A strange thing has been happening lately. I’ve had time to myself. Time to do actual things that I like to do, instead of just the usual things I do for small, sticky people with questionable manners. I’ve been getting more sleep, I read a whole book last week, and I’m all tangled up in more than one show on Netflix. For a few minutes yesterday I even thought I felt bored, but it turned out I was just getting a cold.
At first, I was alarmed about this increased me-time. Obviously, I’d forgotten to do something. Or maybe several somethings. Had I left the children somewhere? They had a playdate down the street a few weeks ago…did I ever pick them up? Had my husband taken a new wife who was now doing all the things? If he did, let’s hope she’s a better cook than the first Mrs. Shields.
The Mystery of More Me-Time for Mom was solved when I accompanied my daughters to the Pastries with Parents event at their school last week. Walking into the building from the parking lot, I tried to hold their hands but they both pulled away and moved a few feet ahead of me.
“Fine then,” I thought, “I’ll hold my own hand.” Except that’s not a thing, so I just hoped they had strong coffee to go with the pastries.
In the gymnasium, we selected our donuts and beverages (there was coffee, thank goodness) and found a table. One of my oldest daughter’s friends and her mother joined us a few minutes later. I hadn’t met this friend, so I introduced myself to her in what I thought was a totally chill way.
“Hi! I’m her mom, Nikki. What’s your name?” My first born’s eyes expanded to the size of pancakes and she shrunk down into her seat like she hoped the floor would swallow her whole.
The friend smiled and introduced herself and her mom. My daughter quickly relaxed and things were back to normal. Until I dared to speak again.
“You both have long hair – I wonder if [friend] argues with her mom about having to brush hers?”
The other mom nodded her head and looked at me knowingly, but my child deemed this over the line.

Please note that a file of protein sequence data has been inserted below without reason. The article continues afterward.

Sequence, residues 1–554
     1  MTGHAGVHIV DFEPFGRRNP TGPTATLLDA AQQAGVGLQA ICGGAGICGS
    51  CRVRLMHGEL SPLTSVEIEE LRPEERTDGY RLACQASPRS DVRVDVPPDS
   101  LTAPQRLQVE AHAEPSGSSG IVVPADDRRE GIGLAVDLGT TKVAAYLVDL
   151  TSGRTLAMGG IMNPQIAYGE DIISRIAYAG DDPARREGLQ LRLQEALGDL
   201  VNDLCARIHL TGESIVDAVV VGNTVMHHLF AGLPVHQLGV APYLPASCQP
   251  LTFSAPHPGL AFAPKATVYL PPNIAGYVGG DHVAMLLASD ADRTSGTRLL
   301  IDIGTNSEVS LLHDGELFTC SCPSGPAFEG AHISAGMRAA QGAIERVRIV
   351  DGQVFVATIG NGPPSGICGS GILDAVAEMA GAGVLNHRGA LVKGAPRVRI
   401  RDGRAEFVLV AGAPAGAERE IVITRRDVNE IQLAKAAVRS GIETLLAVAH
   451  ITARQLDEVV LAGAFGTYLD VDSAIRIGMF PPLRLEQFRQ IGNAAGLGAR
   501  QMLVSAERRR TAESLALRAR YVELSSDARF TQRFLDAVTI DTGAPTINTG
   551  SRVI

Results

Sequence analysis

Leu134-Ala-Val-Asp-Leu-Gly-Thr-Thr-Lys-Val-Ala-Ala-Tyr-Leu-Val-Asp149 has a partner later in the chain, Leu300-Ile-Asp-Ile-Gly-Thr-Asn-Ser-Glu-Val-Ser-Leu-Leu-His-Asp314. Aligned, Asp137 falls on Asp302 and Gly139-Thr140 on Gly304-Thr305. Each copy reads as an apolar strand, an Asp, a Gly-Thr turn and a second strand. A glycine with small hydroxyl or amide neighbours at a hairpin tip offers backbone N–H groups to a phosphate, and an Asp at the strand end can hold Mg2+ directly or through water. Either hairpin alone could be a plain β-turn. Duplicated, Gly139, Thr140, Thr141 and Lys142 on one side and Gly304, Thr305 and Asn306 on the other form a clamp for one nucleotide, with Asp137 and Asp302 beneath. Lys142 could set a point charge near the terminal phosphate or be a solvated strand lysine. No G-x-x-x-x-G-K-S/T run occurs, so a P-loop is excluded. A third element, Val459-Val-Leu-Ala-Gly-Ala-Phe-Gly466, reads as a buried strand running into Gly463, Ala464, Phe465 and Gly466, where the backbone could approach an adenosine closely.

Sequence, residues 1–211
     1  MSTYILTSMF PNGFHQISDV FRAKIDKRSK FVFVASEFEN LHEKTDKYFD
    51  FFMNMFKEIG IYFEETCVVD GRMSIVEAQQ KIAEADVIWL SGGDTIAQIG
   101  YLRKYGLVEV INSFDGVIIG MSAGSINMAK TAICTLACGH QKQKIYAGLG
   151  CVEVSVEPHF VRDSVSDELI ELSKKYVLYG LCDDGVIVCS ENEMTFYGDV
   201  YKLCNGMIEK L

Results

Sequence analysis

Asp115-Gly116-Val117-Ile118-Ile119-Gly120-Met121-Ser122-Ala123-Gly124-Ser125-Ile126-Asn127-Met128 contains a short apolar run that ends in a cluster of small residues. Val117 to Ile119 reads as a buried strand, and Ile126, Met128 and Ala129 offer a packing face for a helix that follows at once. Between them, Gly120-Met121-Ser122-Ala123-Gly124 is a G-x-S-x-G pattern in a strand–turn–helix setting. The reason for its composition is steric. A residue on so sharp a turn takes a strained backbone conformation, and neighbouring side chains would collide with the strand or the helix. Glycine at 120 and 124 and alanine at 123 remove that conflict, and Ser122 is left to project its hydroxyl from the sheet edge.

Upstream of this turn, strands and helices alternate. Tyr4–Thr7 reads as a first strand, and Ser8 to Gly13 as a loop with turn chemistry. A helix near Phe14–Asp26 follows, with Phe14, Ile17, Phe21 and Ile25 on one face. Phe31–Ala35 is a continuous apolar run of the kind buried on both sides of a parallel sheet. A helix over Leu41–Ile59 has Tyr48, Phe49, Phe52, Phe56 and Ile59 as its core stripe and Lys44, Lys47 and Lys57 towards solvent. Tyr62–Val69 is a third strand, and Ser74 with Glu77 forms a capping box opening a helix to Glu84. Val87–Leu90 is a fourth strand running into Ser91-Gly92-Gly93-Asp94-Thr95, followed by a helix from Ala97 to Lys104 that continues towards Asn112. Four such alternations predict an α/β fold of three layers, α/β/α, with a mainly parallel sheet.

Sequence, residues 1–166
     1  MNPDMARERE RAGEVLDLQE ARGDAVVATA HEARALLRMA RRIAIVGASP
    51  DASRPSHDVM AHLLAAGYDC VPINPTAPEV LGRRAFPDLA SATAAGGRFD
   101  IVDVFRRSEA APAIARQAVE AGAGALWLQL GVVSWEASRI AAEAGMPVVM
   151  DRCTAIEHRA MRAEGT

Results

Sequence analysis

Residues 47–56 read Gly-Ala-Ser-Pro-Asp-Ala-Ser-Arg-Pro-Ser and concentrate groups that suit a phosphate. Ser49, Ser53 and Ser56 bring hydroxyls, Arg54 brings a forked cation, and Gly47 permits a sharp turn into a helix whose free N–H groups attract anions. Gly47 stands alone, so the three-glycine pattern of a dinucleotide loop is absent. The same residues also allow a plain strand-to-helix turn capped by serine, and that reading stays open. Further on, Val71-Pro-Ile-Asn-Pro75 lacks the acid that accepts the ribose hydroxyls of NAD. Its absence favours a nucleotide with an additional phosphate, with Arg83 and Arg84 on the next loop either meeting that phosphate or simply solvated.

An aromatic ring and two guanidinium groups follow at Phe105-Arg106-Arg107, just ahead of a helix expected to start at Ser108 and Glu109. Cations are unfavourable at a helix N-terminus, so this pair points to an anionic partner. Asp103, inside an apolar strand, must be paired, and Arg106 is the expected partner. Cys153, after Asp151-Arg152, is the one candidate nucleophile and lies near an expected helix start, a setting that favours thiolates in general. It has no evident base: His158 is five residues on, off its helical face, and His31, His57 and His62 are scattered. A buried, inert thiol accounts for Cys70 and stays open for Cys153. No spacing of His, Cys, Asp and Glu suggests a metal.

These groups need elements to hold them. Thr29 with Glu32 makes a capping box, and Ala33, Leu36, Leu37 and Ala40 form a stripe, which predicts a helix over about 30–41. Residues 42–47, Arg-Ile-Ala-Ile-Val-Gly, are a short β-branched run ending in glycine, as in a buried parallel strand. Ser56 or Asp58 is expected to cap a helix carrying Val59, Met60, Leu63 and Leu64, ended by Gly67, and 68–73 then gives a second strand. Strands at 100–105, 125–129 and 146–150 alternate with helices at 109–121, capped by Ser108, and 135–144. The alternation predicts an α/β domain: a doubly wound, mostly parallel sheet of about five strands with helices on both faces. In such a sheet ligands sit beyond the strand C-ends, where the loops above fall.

“Mo-om!” The pancake-sized eyes were back.
With this one word broken into two syllables, I realized that my first baby girl had reached that precious stage where I can completely embarrass her without even trying.
The My Kids Are Growing Up Reality Check didn’t stop there – I tried to wipe chocolate frosting off my 5-year-old’s face when she was done but she announced that she could do it herself. Then she showed me her classroom but quickly urged me out the door, telling me she “had things to do to start her day.”
The girls’ behavior at the school that morning explained everything – I’ve had more time on my hands because my kids are growing up and doing more for themselves. I can embarrass them and they have their own little lives outside of me now. My first instinct was to be sad that my babies didn’t need me anymore but after about three very dark and melancholic seconds, I realized that was ridiculous. The goal of parenting is to teach your child how to do everything for themselves, is it not? So, that means IT’S WORKING! All the craziness and chaos and hard work and frustration and heartbreak and exhaustion are paying off: My kids are learning to do the things.
However, while they might be older and more independent and more easily embarrassed, they aren’t completely done with me. My oldest daughter, almost fully recovered from her first case of Parent Induced Humiliation, showed me her classroom too. I looked around and then mindful of her classmates’ watchful eyes and her newly developed sensitivity, I patted her on the shoulder and told her to have a good day. I turned toward the door to leave but a loud whisper behind me told me my work here isn’t done.
I wrapped my arms around my 8-going-on-15-year-old daughter and gave her the hug of a lifetime, which she returned in full force.
“Okay Mom, you have to leave now.” And she hurriedly shoved me out the door.